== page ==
LONDON — As British politicians continue to bicker, backbite, and delay the big decisions, British fashion retailers are moving on, preparing for growth and business after Brexit.
On Thursday, a few hours before the European Union signaled it could delay Brexit by two months if Parliament passes Prime Minister Theresa May’s unpopular deal next week, Next and Ted Baker opened up about their plans for doing business if Britain ever leaves the EU.
Next, whose chief executive officer is the plain-speaking conservative Simon Wolfson, said while there may be uncertainty about Brexit, the company could “see no evidence that this uncertainty is affecting consumer behavior in our sector. Our feeling is that there is a level of fatigue around the subject that leaves consumers numb to the daily swings in the political debate.”
Indeed, people on the street here are talking about being “Brex-hausted,” or having “Brex-iety,” while the funnier ones are referring to a hard — or no-deal — Brexit as the “full English Brexit,” a play on the full English breakfast.
Next said it appears that consumer behavior in fashion retail will only be materially changed if the U.K.’s departure from the EU — or continued uncertainty around Brexit — begins to impact employment, prices or earnings. “It does not seem to be having any adverse effect on these variables at the present time,” the company said.
The retailer, which reported a 2.5 percent uptick in group sales to 4.22 billion pounds and flat profits at 590 million pounds in the fiscal year ended in Jan. 31, added that it’s ready for “all eventualities,” and has the systems and administrative procedures in place to ensure a smooth transition to a new customs regime.
The company said it was “encouraged” by the temporary measures that the U.K. customs office had announced to ensure that ports remained fully functional in the case of a hard Brexit. It has also put in place contingency plans to route more stock through ports other than the busiest ones of Dover, England, and Calais, France.
Next also said it was cheered by the government’s provisional tariff rates in case of a hard Brexit. Next estimated that there would be a net reduction in the tariffs it pays of up to 15 million pounds. As reported, the U.K. is planning to slash import tariffs on most products temporarily, with the exception of cars and food.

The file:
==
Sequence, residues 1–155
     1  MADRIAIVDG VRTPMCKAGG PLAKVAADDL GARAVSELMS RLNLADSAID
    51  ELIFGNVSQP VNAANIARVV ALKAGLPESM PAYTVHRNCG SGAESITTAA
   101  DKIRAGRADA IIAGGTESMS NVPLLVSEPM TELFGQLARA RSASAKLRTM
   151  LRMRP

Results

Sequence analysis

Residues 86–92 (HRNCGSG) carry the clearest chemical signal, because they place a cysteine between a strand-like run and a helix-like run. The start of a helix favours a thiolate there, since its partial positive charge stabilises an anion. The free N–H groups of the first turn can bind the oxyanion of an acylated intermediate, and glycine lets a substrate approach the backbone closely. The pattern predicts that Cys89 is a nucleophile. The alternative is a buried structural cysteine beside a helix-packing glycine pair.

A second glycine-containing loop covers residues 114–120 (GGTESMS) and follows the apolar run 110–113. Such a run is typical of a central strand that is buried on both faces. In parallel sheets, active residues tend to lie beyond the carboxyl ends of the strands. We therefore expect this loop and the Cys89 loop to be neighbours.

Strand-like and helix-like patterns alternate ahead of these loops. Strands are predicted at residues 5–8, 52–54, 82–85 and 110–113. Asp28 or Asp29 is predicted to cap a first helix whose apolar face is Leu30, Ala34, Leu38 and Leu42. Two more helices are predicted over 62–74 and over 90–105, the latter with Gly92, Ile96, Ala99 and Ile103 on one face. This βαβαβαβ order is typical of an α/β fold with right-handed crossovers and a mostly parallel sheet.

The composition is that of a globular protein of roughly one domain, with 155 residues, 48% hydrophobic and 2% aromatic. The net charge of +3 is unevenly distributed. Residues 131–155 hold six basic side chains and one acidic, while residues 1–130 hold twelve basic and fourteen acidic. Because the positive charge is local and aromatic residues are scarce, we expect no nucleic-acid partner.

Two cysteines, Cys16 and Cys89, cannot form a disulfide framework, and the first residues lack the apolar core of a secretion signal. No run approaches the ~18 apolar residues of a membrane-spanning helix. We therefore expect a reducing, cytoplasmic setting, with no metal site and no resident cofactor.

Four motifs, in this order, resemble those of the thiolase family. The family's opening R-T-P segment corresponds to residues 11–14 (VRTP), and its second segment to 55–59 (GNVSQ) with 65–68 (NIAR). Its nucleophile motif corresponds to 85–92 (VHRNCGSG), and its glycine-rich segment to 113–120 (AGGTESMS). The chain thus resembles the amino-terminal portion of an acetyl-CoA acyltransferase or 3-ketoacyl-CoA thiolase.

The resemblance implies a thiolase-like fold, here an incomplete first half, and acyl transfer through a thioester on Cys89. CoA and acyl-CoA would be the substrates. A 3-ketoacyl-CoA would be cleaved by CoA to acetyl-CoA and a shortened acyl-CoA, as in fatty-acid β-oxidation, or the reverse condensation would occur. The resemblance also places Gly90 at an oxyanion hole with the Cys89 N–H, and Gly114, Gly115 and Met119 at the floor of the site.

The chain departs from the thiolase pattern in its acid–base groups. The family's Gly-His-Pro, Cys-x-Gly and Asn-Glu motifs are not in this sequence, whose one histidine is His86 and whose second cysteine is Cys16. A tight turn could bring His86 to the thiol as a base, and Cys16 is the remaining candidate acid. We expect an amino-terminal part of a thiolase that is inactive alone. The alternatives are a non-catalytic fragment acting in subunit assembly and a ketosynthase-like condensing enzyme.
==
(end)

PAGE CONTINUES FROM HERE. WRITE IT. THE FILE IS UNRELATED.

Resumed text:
The retailer said it would pass on cost improvements to U.K. customers in the form of lower prices.
Also on Thursday, Ted Baker, which notched a 4.4 increase in group revenue to 617.4 million pounds, and a 22.8 decline in profit to 40.7 million pounds, told shareholders it had formed a Brexit working group, and has been “scenario planning” in the case of additional customs duties and duty declarations, value added tax, and the restriction on movement of people.
The company said that, in the long term, it is considering opening another warehouse on the continent to circumvent tariffs on deliveries to the EU if the U.K. cannot agree a favorable trade deal with Europe. Ted Baker also said it will continue to monitor “strategic opportunities” regarding trade deals with countries outside the EU if Britain does not remain in the customs union.
Britain is due to leave the EU on March 29, although that is looking increasingly unlikely given the EU’s talk about a two-month delay to May 22. In the next days May is expected to take her twice-rejected Brexit deal back to Parliament and — once again — try to convince lawmakers they should accept it so that Britain can move on.
If May’s deal does not pass, EU leaders said the Brexit deadline will be extended only until April 12. With no deal at that point, the U.K. would crash out of the EU.
In the meantime, Labour leader Jeremy Corbyn has been trying to build consensus in Parliament for an alternative, “softer Brexit” deal — although the EU has already refused further Brexit negotiations with Britain.
There is also talk of “canceling” Brexit, with a celebrity-endorsed citizens’ petition that has already gathered more than a million signatures, according to Sky News. There could be a second referendum, or even a general election, which would, no doubt, create even more Brex-iety for businesses and residents alike.